Streep shares advice, humor with young actors

Ryan Wenzel

In her 30-year acting career, Meryl Streep has played dozens of movie characters, including a Polish Holocaust victim, a Danish baroness and a depressed, middle-aged lesbian.

But when she took the stage at Louis Theater Monday night, Streep was playing herself.

Streep, whose daughter is a Communication senior, took part in an hour-long question-and-answer session with more than 100 theater students and faculty.

The session was supposed to start with a clip from the 2004 American Film Institute banquet where Streep won the lifetime achievement award. Technical problems delayed the clip, and Streep unexpectedly burst onto the stage, shouting in jest at the man running the film projector.

The audience rose to its feet and applauded her before she’d even started speaking.

Streep was at NU as this year’s Hope Abelson Artist in Residence. The School of Communication in past years has given the award to playwright Tony Kushner, composer Stephen Sondheim and actor Peter Sellers.

Streep, a graduate of Vassar College and the Yale School of Drama, explained how she became interested in acting. When Streep was a child, her mother took her to the United Nations to see the General Assembly. She said she wanted to be a translator because they helped different groups of people understand one another. The dream died because of the “show-off” in her, but she said she views acting as a kind of translation.

“That’s what I wanted to do — make people understand each other,” Streep said. “I want to get at what you feel in your heart and translate that to an audience.”

Streep also spoke of the advancement of women in film and the improvement of their roles. She said she was pleasantly surprised when she was cast in 2002’s “Adaptation” because she assumed the role would go to a much younger actress.

“Most producers would say, ‘Eww, she’s 53,’ — like their first wives,” she said.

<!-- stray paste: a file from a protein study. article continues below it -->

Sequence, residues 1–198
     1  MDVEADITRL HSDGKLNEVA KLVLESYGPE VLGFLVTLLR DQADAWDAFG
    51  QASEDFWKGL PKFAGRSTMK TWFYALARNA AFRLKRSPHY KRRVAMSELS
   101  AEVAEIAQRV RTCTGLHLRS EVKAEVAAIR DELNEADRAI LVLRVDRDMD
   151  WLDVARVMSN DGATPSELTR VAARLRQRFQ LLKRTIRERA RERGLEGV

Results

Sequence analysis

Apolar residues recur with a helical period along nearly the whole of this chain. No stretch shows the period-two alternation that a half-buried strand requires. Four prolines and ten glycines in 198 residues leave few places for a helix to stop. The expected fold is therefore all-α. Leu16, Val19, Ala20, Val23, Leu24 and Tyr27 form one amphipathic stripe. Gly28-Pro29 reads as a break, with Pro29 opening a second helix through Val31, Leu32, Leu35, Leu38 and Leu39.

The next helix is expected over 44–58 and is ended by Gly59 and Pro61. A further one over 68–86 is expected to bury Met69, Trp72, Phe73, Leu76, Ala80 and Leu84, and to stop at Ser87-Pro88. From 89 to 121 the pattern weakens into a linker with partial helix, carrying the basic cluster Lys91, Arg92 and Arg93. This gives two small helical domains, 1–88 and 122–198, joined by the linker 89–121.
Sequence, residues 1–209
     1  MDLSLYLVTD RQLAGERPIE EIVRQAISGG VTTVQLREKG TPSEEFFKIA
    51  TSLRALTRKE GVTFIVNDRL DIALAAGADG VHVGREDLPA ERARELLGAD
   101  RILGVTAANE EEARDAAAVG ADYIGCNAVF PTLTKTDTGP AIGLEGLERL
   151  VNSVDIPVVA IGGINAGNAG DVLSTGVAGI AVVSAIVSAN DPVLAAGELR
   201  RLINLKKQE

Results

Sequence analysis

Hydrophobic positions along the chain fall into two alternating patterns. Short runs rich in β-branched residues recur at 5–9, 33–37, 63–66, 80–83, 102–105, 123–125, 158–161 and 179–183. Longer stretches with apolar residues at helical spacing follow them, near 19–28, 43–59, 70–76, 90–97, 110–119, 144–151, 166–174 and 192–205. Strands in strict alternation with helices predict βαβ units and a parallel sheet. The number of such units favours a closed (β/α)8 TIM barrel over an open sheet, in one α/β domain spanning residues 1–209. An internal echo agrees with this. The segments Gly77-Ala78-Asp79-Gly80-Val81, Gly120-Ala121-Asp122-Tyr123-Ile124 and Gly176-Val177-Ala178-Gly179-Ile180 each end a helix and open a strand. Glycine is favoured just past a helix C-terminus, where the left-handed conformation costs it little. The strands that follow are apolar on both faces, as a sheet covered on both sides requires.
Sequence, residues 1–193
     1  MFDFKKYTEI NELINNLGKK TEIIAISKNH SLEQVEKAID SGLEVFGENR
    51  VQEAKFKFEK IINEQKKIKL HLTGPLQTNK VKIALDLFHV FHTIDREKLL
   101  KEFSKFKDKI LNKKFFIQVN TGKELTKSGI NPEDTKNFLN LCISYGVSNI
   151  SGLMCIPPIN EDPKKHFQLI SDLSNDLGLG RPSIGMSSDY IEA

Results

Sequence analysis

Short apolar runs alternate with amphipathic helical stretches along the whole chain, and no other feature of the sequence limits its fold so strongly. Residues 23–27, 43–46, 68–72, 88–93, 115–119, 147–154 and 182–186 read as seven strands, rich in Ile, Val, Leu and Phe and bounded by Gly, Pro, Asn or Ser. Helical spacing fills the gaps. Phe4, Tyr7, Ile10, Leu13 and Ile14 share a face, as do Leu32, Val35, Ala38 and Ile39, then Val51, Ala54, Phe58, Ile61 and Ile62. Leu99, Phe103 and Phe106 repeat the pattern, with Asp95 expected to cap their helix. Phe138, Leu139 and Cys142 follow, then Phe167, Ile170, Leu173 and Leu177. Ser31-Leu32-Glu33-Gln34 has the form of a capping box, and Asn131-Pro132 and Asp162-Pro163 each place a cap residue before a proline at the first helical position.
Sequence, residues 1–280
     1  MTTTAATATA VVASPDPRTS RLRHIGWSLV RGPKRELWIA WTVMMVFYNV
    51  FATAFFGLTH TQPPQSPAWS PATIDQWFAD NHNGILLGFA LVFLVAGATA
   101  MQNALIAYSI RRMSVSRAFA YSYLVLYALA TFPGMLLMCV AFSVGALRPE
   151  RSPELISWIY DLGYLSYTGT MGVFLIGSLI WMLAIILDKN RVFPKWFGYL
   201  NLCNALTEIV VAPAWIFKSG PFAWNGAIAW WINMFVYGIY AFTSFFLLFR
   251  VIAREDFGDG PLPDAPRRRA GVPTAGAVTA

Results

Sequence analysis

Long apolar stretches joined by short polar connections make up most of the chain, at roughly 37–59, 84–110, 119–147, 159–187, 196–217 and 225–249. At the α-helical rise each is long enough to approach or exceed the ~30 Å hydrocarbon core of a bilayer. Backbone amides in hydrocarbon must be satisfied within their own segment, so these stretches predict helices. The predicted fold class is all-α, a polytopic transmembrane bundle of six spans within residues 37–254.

The moderators and members of the audience asked Streep about her favorite directors and most rewarding roles, but others asked about balancing acting with home life. Streep has been married for 25 years and has four children, including Communication senior Mamie Gummer.

“My mother was very important to me, and I just wanted to do what she did for someone,” Streep said. “If I were a lawyer and had two weeks off a year, I’d kill myself. At least in show business you’re unemployed a lot.”

Many established actors, such as Mel Gibson and Clint Eastwood, branch off into writing and directing, but Streep said her family and acting are enough for her.

“I have four kids,” she said. “I couldn’t do all of those things. When I come home, the phone doesn’t ring. And if it does, I don’t talk to them.”

Streep is known for her work in dramas, but during Monday’s session she unleashed her inner-comedian. She pretended to be annoyed when one of the moderators asked her if she has considered directing.

“Of course I want to direct,” Streep said. “But in some ways I feel that I have.”

While on campus, Streep also visited theatre classes and offered critiques of student performances. Barbara O’Keefe, dean of the School of Communication, said students in class appreciated and benefited from Streep’s advice.

“Everyone said that her comments were very precise, but very generous and supportive,” O’Keefe said. “They gave guidance and encouragement. She was wonderful.”

Communication sophomore Travis Greisler said it was reassuring to see a successful actress maintain a home life.

“It’s great to know that someone who has worked so long at this has maintained a family,” Greisler said. “It’s a nice reminder.”

Reach Ryan Wenzel at [email protected]